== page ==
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Thursday, 1 July 1926


Senator NEEDHAM (Western Australia) .- I move-

That the following sub-sectionbe added: - " 1a. Where the naval or military duties of any individual or member referred to in the last preceding sub-section required him to be in any part of thefield of operations in connexion with the war where there was danger to life as a result of the operations of enemy forces, the Commissioner may further alter or make the said assessment so that there shall be deducted from the said profits so much of those profits as were entitled to an exemption from income tax by virtue of section 13 of the Income Tax Assessment Act 1915-21, and which would but for this subsection be. liable to war-time prolits tax."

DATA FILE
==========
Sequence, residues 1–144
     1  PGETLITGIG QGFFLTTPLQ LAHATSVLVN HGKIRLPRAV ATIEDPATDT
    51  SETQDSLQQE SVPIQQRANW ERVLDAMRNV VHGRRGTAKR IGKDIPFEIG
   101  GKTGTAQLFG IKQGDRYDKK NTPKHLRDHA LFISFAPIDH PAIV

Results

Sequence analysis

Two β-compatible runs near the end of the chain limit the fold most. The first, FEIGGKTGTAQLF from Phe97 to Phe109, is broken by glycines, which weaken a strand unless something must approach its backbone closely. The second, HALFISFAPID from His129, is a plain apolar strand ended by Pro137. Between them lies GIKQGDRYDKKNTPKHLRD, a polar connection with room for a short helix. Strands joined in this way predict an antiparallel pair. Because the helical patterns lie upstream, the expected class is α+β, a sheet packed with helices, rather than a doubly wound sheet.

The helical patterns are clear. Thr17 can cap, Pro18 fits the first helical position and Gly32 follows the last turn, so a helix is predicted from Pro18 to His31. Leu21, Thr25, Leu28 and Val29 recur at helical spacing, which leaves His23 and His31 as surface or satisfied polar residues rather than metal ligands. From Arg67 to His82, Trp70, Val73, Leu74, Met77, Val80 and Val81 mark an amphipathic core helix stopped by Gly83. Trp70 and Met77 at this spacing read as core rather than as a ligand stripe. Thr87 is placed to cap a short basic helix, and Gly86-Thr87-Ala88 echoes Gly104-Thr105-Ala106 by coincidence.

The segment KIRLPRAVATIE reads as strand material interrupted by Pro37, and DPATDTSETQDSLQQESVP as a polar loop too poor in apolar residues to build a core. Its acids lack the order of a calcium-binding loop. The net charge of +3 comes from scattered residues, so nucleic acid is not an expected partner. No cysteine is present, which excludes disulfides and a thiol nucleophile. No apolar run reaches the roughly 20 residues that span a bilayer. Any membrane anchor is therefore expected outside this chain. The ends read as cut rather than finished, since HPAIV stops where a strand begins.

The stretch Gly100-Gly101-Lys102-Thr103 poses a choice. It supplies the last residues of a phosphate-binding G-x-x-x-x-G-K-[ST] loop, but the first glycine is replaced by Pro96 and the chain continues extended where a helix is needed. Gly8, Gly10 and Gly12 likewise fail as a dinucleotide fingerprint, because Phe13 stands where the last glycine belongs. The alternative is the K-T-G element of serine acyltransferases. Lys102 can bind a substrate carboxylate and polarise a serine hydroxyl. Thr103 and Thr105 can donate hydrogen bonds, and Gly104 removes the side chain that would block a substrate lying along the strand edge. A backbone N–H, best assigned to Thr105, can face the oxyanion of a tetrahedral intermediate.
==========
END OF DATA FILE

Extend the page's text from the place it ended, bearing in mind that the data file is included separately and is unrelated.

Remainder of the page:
If this amendment be carried, it will put returned soldiers in the same position in relation to war-time profits taxes that they now occupy in relation to income taxation. I understand that Senator Elliott's amendment, if agreed to, would have caused wealthy men who had made money as a result of the war, to escape taxation. My purpose in moving this amendment is to prevent injustice from being done to any man who served in the danger zone, and who might be called upon to pay a tax where he had no profit as a result of the war. The desire of Parliament was to exempt returned soldiers from income taxation, and, as far as possible, from war-time profits tax also. In order to avoid any improper evasion of payment of taxes, Parliament excluded any soldier who did not go into the danger zone, or who, if he did enter the danger zone, did not before the war devote the greater portion of his time to the management of his business. The risk no longer exists, as there can no longer be evasions by the transfer of businesses.







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